br Inhibition of endometrial cancer cell
3.6. Inhibition of endometrial cancer cell growth following MET+SIM treat-ment is partially mediated by AMPK activation and mTOR pathway effects
The mTOR pathway has been a proposed key target in MET- and SIM-associated inhibition of endometrial cancer cells as well as in other cell types including breast, prostate, and ovarian cancer. Combina-tion MET+SIM has demonstrated similar anti-proliferative effects in castrate-resistant prostate cancer cells. We therefore evaluated the ef-fects of treatment with SIM, MET, or combination MET+SIM on targets of this pathway including phosphorylated AMPK (P-AMPK) and phos-phorylated S6 (P\\S6). Phosphorylated AMPK directly phosphorylates the mTOR subunit Raptor which in turn blocks the ability of mTOR
kinase complex from phosphorylating its downstream substrates, in-cluding S6 which mediates AMG 925 progression . As shown in Fig. 6, western immunoblot analysis demonstrated that effects on phos-phorylation of AMPK and S6 following treatment with SIM and MET alone were variable and differed by cell line. Combination MET+SIM treatment, however, increased P-AMPK and decreased P\\S6 by 48 h following treatment in all cell lines (Fig. 6).
3.7. Autophagy is unlikely a significant mechanism of cell death following treatment with MET+SIM in endometrial cancer cells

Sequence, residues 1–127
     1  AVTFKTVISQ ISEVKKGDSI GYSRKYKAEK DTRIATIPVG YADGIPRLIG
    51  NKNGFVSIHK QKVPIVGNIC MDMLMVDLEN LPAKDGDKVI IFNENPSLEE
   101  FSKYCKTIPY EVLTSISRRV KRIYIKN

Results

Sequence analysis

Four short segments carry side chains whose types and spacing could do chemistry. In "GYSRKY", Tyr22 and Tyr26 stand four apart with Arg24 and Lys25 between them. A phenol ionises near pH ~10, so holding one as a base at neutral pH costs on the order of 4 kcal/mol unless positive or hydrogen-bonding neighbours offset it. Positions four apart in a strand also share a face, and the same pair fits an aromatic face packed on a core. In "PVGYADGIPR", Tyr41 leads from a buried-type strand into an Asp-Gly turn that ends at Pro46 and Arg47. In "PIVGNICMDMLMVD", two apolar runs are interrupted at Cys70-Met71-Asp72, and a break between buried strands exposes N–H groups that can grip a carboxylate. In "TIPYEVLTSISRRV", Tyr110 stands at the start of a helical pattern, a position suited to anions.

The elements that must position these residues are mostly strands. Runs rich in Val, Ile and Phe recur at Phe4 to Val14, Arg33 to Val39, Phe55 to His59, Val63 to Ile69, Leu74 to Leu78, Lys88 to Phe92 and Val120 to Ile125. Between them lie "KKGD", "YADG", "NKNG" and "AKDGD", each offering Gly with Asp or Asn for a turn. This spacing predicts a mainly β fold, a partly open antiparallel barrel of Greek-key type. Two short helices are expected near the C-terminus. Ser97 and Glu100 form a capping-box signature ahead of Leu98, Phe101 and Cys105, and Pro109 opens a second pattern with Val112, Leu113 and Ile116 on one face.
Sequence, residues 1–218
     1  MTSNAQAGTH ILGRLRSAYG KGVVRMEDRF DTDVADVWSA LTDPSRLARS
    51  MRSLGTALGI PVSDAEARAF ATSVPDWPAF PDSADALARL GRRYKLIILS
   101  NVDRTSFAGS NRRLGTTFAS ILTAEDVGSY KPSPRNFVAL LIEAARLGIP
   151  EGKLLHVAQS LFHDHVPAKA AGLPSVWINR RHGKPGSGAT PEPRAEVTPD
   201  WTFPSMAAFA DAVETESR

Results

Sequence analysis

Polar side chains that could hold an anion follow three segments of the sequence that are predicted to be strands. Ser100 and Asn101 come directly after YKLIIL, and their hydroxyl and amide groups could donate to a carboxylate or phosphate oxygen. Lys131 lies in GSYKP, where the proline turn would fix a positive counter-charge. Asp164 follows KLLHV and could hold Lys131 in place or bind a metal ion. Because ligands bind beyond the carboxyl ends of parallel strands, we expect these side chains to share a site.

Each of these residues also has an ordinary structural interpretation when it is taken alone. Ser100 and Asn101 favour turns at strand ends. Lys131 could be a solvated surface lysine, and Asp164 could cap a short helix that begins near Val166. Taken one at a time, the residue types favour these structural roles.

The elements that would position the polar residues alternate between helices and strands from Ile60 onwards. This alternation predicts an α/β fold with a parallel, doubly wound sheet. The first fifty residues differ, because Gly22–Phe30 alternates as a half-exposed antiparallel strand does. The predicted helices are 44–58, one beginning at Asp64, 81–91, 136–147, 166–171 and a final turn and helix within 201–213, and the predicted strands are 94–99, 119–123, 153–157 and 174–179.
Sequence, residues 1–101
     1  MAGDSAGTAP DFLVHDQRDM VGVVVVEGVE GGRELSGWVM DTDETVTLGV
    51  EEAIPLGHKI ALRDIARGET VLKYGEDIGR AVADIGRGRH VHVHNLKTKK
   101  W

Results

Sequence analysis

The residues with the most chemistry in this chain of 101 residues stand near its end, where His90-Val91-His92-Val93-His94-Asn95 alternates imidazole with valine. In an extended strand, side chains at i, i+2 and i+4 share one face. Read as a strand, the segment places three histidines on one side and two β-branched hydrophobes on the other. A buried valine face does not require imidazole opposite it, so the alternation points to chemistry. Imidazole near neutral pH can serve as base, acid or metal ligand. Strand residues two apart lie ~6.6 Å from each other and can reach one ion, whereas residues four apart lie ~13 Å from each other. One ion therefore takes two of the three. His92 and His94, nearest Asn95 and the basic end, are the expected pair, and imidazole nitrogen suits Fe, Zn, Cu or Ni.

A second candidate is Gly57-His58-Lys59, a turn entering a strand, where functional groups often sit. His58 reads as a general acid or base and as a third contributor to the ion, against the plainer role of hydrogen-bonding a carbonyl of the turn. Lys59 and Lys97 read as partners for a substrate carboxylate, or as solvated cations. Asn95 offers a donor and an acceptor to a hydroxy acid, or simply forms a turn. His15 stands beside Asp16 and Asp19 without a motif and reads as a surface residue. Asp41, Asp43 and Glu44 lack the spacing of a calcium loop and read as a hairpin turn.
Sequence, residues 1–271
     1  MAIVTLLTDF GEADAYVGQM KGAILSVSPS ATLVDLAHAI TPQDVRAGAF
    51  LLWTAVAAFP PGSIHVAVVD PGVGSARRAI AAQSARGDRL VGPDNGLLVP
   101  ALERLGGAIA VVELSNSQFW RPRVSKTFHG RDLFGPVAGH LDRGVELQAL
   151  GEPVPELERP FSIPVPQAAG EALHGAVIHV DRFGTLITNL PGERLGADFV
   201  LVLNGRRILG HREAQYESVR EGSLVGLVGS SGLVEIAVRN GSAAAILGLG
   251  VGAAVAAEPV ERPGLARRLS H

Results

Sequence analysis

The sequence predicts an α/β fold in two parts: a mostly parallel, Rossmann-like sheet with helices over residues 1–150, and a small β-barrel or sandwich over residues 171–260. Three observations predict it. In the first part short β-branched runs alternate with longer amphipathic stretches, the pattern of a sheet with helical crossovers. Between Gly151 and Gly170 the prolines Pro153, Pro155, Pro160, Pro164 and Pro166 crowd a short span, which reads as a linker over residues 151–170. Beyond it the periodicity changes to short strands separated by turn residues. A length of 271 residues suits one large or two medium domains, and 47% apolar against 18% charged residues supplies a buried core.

Macroautophagy (hereafter referred to as autophagy) is a lysosomal-dependent process of degradation of cytoplasmic contents, abnormal protein aggregates, and excess or damaged organelles. This process can promote either survival or cell death and is regulated by mTOR in that mTOR inhibition promotes autophagy signaling. Autoph-agy and apoptosis are interrelated via complex crosstalk between the two mechanisms and this crosstalk is in part caspase-mediated. Given our findings suggestive of apoptosis induction and increased P-AMPK with associated decreased P\\S6 along the mTOR pathway, we next sought to determine if autophagy was also being induced. Beclin-1 is a central regulator of autophagy downstream of mTOR and was thus eval-uated to determine if significant autophagy induction occurred. West-ern blot analysis showed that MET+SIM combination treatment resulted in statistically significant but modest increases in beclin-1 levels at 24 h in all cell lines (Supplementary Fig. S4). By 48 h following treatment, these effects were attenuated: combination-treated HEC-1B cells showed a statistically significant but equally modest increase in beclin-1, and there were no longer significant differences in RL95-2 and Ishikawa cells.
Repurposing of inexpensive, commonly used, FDA-approved medi-cations to exploit their anti-cancer effects may yield the development of cost-effective approaches to cancer therapy. Along these lines, MET and SIM have great potential for repurposing in the endometrial cancer population given the high prevalence of comorbid metabolic syndrome, obesity, and hyperlipidemia . We demonstrate here that the combi-nation of MET+SIM treatment resulted in synergistic growth inhibition in three endometrial cancer cell lines. This was associated with pro-found activation of apoptosis as manifested by markedly increased caspase-3 activity, TUNEL positivity, and Annexin V labeling. Addition-ally, we showed that the combination activates the AMPK pathway.